There are things we in Tasmania can learn from the struggle for survival in Cuba. [20 November 2011 | Peter Boyer]
Cuba is a four-letter word. Like many such words it carries a lot more weight than its literal meaning.
We know Cuba as a large Caribbean island south of Florida, where people of European, African and indigenous descent speak Spanish and play some fine music. We also know it as the fiefdom for nearly half a century of Fidel Castro and, more recently, his brother Raoul.
For most Americans, the word signifies an objectionable political culture that ended the Havana high life for US tourists and crime bosses. That pleasant diversion disappeared in the 1960s as Castro rejected US capitalism. The US countered with a trade ban that’s still in place today.
Cuba is on America’s doorstep, but it’s a long way from here, and when it comes to socialist systems Australians aren’t so ideological as our friends in Washington. We led America, for instance, in making up with communist Vietnam.
Australia recognised the Castro government in 1989, and since 1996 has voted in the United Nations for the US to end its trade embargo. In recent years Cuba and Australia have exchanged ministerial visits. But on the whole we remain poorly informed about the country and its culture.
For 30 years Cuba used massive Soviet subsidies to stave off the effects of the US trade ban, but its economy crashed when the Soviet empire vanished in 1991. The Castro regime was forced to look for alternative economic models for a country facing complete ruin.
The regime still struggles to find ways to introduce market economics into its system of state socialism. Its dirt-poor people remain torn between a much-valued universal health and education system and the glittering prize of American money that beckons them over the Florida Straits.
Out of this potpourri of conflicting ideas and emotions, and into our own island, has come Roberto Pérez, an environmental biologist brimming with optimism and ideas about how a small island nation like Cuba can build a viable, sustainable economy in a world hooked on massive growth.
Pérez, whose time these days is spent developing and spruiking his country’s environmental sustainability and its home-grown techniques of low-impact food production, was a guest speaker at this month’s Sustainable Living Expo in Hobart.
Much of what he said resonates strongly in our own island community, a pioneer in environmental thinking. As Pérez was keen to point out, it was Tasmania that gave rise to the potent idea of permaculture, the basis of much of his own country’s current revolution in food production.
Pérez’s recipe for Cuba’s salvation rests heavily on conserving and living within natural ecosystems. The island’s forest cover was down to less than 15 per cent by the mid-20th century, but is now nearly double that, with an ultimate goal of 35 per cent cover.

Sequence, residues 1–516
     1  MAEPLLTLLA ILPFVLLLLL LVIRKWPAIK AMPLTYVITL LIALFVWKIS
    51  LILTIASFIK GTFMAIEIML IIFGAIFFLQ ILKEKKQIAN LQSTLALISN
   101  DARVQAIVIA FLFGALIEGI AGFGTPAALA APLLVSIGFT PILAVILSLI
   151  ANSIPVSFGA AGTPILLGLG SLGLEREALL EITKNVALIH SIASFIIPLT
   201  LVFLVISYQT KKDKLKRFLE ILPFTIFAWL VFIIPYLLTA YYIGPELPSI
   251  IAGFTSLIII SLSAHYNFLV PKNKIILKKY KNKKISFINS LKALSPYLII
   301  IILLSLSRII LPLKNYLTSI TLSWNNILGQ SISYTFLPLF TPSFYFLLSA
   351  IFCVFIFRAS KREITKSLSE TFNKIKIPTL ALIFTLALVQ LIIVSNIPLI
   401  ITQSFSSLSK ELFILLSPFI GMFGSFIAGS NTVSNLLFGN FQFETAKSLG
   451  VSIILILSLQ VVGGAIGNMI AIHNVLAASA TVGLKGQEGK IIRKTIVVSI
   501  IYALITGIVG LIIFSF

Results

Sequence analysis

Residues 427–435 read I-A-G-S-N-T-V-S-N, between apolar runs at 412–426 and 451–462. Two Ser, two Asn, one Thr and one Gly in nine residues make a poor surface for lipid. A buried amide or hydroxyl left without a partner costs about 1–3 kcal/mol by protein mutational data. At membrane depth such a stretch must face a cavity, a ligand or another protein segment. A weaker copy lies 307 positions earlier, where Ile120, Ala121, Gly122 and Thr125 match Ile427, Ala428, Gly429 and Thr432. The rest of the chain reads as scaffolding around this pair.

Badly managed collective farms and over-use of pesticides during the Soviet era left the island’s farmland severely degraded, with river systems polluted and soil productivity lost through erosion, high acid levels, surface salinity and low levels of organic material.
With scientists predicting that a warming climate will limit Cuba’s water availability while increasing hurricane intensity and coastal vulnerability, environmentalists like Pérez are faced with big challenges in their efforts to rebuild the island’s agricultural capacity.
To do this, they’ve sought to avoid repeating past errors, such as large-scale, chemical-based approaches, choosing instead community-based structures and organic techniques.
Their efforts have resulted in much reduced levels of pesticide use — about 4 per cent that of the Soviet era — and seed management regimes that emphasise species diversity and local control.
A land reform program started in 2011 has released public lands for small farms, limited to 27-hectare lots. With a government supported education program, these farmers are learning non-chemical, natural techniques, including the use of permaculture, to improve soil productivity.
In cities and towns, 300,000 hectares have been given over to “agro-ecology”: food production on vacant urban land mixed with some restored natural elements. Cuba’s 384,000 urban agriculturalists cover all bases: professional and artisan, men and women, young and old.
Let’s not get ahead of ourselves here. Tasmania is not Cuba. We start with a much more productive farm sector, better roads, transport and equipment, and access to financial resources that Cuba can only dream of.
We also have to contend with established farm practices, corporate operators and suppliers, and other things that don’t concern socialist Cuba. But there’s much we can learn from that other island
Financial and infrastructure resources will get us only so far. We have to learn to manage, as Cuba has, with less of the things we’ve come to rely on, things like oil-based fertilisers, pesticides and cheap petrol and diesel.
We are yet to face the kinds of challenges that Cubans, for years teetering on the brink of an economic precipice, have long taken for granted. Cubans have had to pull together and improvise in order to feed themselves and build a sustainable long-term economy.
One day, we may have to do the same.
• Next year a two-week certificate course in permaculture at the University of Tasmania in Hobart, from 20 April to 3 May, will focus on putting permaculture skills to work in a city environment. For more information call (02) 63737763 or go to Milkwood Permaculture.